I arrived in Memphis around 9:30PM and immediately made it to the best ribs place I could find that was still open. I ended up at Charles Vergos’ Rendezvous which, while wasn’t the best ribs I had in Memphis, was definitely a fantastic start. It’s a charming place you find in an alley downtown. It was a perfect welcome to Memphis. I had a blast there.

Traveling and working

My employer, Automattic, is fantastic in that it allows and, to some extend, even encourages nomad living. We all work remotely so if I have a good internet connection, I’m good to work. I’ll elaborate on this in a future post, but wanted to mention that I’m still working full time while traveling around. It’s why I spend most of my day in a coffee shop or someplace with good wifi.

Last weekend feels like a month ago

I just wanted to reiterate that with this pace, it’s hard to have a good reference of time. With all the constant moving, finding places to work, finding places to sleep, finding places to bike, a single day can feel like several.

Jeep gear update: tailgate organizer and rear tire carrier

Tailgate organizer worries

After two months of using the Bestop RoughRider Black Diamond Tailgate Organizer that I wrote about in an earlier post, I have to say I’m a little worried. It’s starting to wear a bit faster than expected. It’s designed so the bags are removable by undoing a little loop and sliding them off a plastic rail. The loop that holds the bags on isn’t doing a great job. It’s sagging just a little. It also has bent up my rubber floor mat, though I’m not super worried about the mat being bent. I have even lightened them further. They have only very lightweight things in the bags like toilet paper, first aid kits, and other emergency items.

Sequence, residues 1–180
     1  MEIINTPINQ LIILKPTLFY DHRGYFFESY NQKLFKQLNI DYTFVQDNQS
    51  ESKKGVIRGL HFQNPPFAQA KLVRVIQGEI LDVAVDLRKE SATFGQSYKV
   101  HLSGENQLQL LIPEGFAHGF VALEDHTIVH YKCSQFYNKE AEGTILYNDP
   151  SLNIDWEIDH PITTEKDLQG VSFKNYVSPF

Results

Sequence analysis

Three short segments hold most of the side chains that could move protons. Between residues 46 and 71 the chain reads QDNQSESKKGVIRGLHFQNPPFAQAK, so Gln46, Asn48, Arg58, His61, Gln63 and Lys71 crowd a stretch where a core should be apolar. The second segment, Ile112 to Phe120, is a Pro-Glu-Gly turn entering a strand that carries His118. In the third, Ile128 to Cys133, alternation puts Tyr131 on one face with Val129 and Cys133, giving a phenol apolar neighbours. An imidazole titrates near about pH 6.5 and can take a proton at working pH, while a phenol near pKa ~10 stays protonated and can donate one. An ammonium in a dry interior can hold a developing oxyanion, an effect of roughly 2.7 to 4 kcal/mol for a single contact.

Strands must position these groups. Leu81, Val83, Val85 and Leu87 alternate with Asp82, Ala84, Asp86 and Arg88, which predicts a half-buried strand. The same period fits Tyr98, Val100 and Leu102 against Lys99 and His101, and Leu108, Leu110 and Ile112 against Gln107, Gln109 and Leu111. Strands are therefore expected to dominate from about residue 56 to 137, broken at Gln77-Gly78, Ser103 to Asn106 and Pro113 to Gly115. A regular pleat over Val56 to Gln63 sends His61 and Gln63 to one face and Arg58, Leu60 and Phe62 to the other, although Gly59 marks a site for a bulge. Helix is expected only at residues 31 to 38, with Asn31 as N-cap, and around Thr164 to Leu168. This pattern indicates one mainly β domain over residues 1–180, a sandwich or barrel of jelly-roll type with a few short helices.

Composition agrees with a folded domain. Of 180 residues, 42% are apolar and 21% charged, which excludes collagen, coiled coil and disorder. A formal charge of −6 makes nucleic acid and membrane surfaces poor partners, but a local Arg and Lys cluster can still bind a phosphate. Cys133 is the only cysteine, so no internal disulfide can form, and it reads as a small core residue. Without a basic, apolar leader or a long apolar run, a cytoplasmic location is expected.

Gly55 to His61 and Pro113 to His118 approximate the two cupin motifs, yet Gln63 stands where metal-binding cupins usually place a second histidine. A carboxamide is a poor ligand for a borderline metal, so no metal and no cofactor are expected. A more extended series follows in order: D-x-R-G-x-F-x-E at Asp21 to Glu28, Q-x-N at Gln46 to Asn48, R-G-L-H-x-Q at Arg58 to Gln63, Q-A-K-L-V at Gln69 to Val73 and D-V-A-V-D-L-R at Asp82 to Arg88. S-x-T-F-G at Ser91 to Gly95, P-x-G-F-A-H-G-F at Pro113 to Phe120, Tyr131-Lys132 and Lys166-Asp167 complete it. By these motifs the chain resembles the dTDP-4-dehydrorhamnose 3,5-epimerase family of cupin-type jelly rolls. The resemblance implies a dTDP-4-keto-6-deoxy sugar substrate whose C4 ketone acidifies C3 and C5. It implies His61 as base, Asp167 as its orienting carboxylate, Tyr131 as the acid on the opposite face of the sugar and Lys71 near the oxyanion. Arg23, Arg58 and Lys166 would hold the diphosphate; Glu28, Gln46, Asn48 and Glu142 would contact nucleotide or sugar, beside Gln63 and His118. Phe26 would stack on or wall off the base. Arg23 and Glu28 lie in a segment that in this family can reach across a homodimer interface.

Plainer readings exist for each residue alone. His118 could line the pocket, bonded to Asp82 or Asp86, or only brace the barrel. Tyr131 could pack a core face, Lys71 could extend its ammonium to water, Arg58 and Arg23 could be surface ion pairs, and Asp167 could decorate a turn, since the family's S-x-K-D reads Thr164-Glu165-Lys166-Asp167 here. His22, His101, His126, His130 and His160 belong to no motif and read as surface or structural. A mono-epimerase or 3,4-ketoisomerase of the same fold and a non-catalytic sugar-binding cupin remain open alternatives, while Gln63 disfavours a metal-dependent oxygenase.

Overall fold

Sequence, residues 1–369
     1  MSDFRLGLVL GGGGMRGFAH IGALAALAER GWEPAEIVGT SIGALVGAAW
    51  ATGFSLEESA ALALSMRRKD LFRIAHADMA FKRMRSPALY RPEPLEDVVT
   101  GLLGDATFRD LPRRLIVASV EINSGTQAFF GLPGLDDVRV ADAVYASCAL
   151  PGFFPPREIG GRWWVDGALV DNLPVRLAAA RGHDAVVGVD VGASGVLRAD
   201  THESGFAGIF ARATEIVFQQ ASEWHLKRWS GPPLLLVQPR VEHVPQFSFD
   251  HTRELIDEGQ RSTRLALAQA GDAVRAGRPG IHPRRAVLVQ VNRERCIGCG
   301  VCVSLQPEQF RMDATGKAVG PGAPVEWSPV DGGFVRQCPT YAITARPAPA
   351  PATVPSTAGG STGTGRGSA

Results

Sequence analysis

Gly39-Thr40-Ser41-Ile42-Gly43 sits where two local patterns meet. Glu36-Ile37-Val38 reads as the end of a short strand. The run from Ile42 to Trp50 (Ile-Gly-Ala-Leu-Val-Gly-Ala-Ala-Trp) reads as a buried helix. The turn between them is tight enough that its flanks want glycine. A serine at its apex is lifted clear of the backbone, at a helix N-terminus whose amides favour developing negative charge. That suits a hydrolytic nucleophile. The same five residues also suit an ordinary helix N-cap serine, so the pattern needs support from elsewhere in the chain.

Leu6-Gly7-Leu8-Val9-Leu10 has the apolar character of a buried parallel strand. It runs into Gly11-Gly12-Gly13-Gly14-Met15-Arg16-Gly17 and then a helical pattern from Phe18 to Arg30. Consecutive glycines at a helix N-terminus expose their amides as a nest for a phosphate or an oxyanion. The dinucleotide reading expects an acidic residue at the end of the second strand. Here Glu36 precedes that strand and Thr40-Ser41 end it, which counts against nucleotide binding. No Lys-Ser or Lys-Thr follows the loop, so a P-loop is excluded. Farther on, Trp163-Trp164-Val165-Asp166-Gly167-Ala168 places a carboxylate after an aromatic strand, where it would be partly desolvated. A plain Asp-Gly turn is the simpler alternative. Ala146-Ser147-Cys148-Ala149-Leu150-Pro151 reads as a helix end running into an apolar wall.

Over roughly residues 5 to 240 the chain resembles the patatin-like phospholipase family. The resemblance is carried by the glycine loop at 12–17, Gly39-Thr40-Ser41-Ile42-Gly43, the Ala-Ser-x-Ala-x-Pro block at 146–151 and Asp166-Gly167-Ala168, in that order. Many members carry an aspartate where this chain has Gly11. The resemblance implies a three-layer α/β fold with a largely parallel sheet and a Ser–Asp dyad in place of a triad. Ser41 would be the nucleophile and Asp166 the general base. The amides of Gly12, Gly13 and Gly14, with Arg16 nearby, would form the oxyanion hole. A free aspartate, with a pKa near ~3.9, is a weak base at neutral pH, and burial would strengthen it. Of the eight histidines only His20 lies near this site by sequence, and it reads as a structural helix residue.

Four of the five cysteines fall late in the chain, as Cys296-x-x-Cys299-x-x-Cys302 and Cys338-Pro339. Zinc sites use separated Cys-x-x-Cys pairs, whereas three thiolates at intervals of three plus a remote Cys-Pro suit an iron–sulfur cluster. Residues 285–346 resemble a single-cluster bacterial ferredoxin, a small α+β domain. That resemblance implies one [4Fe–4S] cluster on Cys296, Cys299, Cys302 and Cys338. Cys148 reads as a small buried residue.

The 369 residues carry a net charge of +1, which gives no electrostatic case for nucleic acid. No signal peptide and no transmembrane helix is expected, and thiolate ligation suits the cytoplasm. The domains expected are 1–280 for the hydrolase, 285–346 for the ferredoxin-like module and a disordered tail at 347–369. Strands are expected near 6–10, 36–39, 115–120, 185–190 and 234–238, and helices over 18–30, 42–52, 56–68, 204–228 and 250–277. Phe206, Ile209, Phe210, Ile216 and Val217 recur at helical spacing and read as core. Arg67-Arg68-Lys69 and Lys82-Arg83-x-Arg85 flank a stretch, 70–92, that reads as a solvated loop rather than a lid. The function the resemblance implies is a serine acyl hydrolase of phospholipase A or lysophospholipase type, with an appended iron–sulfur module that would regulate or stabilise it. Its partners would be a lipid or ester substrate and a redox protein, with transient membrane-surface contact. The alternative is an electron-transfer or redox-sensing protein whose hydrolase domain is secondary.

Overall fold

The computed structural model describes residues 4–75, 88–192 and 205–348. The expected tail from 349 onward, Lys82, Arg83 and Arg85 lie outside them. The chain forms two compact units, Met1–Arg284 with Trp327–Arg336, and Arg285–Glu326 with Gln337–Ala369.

Rear tire carrier upgrade

In that earlier post, I mentioned I had installed a high lift jack mount and an antenna mount on the tailgate along with my bike rack. After reading some horror stories about bent hinges and popped welds, I learned that the tailgate of the Jeep is not supposed to hold more than 50 pounds. This includes the spare tire. The spare tire that comes with a Rubicon is a bit over that by itself. I think it’s probably fine on the road, but as much as I’m hitting the trails now, I wanted something a bit sturdier.
I didn’t want to replace my bumper as I quite like its aesthetic. After researching a variety of tailgate tire carriers, I settled on the Maximus 3 tire carrier for a few reasons. Before I get into that, I want to explain why I didn’t get one that attaches to my bumper’s swing point. There are only a few options that work with it and they are either incredibly expensive or they are poorly built and would be pretty unreliable. The Maximus 3 had great reviews and moves the weight from the tailgate to the frame while also opening with the tailgate rather than separate from it. The site says it will hold a 40″ tire and I found out, after chatting with them on the phone, it will handle 300 pounds. Frick yes. It also has two antenna mounts, has an option to carry a high lift jack, an option for a shovel mount (attaches to the high lift jack so not really a tire carrier specific thing, and an option to carry a small pax gas can (or water). I think there may even be more options, but those were the only ones I’m interested in.
I might cover the install in a future post so I won’t get into it. It went fairly smoothly even though the instructions were cryptic at times. Here it is installed and some photos of it in the wild!


Last week, I had the fortune of spending a week on a ranch near Twin Bridges, Montana. It is an incredible and beautiful ranch right on the Big Hole River. Oh, and I had absolutely no internet or cell reception on the ranch. 📵
We took two days to get there so we could drive up through the Grand Teton and Yellowstone National Parks on the second day. The drive though the parks was worth the extra day of travel.
We stayed at Dubois, Wyoming before we got to the parks. There, I went for a quick bike ride at a shorter trail near town and was pleasantly surprised at how fun it was with a range of jumps and some crazy steep ultra-sharp wall turn switchbacks. The switchbacks were almost a half pipe. Super fun. If you go there, definitely stop in at the Cowboy Cafe for some good food and fantastic pie.